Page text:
Child custody cases are among the most emotionally charged and highly contentious legal matters handled by family law attorneys. There are few things that Pennsylvania residents hold more dear than the right to raise their children, and even extended family members can become wrapped up in a bitter child custody dispute. However, as one widely reported case demonstrates, allowing one’s emotions to overrule their reason can lead to serious consequences.
The case involves a father and grandfather who made the decision to interfere with a child custody transfer ordered by a court. Such custody disputes happen across the country every day, but this case made national headlines due to the fact that the grandfather is a police sergeant and is now facing criminal charges in the matter. Both he and the child’s father had a recent court date, and entered a plea of not guilty.
Police assert that the grandfather failed to cooperate when local authorities came to his home in an effort to recover his grandson. A court in a southern state and in the home state of the grandfather had ordered that the child be returned to the care of his mother. However, the paternal family allegedly conspired to keep the 3-year-old boy in their care. The child was recovered shortly after, and returned to his mother. The father and grandfather now face charges of custodial interference, among other related charges.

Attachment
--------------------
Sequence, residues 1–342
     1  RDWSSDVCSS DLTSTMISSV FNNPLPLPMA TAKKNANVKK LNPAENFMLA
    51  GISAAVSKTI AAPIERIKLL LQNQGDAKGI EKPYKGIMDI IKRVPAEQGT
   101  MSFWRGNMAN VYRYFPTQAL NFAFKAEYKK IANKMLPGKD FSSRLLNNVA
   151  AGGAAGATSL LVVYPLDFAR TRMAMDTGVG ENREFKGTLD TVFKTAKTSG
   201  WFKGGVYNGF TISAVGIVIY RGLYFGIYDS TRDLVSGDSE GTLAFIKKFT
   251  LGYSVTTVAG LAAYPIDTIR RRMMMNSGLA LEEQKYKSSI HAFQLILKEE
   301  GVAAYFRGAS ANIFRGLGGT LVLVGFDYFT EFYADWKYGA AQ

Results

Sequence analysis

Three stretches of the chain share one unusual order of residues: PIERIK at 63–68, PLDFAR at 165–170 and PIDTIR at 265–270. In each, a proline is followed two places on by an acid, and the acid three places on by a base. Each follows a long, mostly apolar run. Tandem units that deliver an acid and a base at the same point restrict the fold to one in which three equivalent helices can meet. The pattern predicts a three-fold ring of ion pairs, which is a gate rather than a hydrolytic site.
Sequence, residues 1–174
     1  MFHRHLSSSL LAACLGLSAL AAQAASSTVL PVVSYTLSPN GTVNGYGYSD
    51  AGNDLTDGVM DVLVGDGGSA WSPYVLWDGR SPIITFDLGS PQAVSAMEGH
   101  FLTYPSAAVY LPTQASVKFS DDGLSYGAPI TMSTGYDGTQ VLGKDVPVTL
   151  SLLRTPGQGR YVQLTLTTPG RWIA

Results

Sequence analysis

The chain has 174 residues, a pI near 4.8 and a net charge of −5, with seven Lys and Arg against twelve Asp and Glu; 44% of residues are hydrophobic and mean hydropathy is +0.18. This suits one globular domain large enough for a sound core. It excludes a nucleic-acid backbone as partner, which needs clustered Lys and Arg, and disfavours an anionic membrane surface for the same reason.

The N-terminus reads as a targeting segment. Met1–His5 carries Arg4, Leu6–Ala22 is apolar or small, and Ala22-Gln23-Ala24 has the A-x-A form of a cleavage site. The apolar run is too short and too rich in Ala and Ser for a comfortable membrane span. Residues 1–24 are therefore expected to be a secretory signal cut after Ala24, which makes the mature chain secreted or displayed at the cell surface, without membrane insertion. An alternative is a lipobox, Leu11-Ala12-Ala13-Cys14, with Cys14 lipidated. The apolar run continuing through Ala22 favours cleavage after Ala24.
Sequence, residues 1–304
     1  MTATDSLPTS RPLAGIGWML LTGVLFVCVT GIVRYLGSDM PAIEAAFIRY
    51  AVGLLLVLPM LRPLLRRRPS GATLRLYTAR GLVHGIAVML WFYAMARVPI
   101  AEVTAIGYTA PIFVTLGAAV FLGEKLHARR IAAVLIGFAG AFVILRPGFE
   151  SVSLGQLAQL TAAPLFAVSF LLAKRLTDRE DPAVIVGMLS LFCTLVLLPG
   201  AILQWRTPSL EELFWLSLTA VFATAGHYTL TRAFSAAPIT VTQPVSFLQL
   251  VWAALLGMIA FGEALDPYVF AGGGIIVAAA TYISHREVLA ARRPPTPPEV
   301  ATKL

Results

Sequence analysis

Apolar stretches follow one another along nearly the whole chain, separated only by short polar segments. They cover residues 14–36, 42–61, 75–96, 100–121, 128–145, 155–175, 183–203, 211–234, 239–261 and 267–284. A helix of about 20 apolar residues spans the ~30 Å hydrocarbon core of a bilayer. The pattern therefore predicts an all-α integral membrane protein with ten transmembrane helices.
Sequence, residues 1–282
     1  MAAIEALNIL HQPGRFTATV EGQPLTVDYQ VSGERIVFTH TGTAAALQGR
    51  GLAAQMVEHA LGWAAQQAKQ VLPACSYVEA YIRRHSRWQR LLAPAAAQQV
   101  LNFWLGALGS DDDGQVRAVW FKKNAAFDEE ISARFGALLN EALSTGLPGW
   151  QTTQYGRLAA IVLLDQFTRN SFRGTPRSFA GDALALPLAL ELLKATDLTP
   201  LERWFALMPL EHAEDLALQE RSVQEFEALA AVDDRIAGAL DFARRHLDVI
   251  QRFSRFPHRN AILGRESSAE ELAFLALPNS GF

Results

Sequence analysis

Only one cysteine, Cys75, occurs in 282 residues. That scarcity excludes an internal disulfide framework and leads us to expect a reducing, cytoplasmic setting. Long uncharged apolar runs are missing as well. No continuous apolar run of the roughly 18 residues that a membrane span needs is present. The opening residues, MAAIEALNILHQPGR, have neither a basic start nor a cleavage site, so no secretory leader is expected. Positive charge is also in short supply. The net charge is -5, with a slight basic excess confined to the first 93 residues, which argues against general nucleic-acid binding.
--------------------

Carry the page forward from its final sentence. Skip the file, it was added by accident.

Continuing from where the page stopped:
In the recent hearing, the grandfather entered a plea of not guilty. He will present his case in a future hearing. Meanwhile, he has been placed on paid leave from his position with the Police Department. While it is understandable that a child custody dispute can be incredibly emotional, this case serves as an example of what family members in Pennsylvania and elsewhere should not do in an effort to change a custody determination. By intentionally going against an existing custody order, this grandfather may have severely harmed his chances of having continued access to a grandson he clearly loves.
Source: ctpost.com, “Cop pleads not guilty in child custody case,” Frank Juliano, May 9, 2013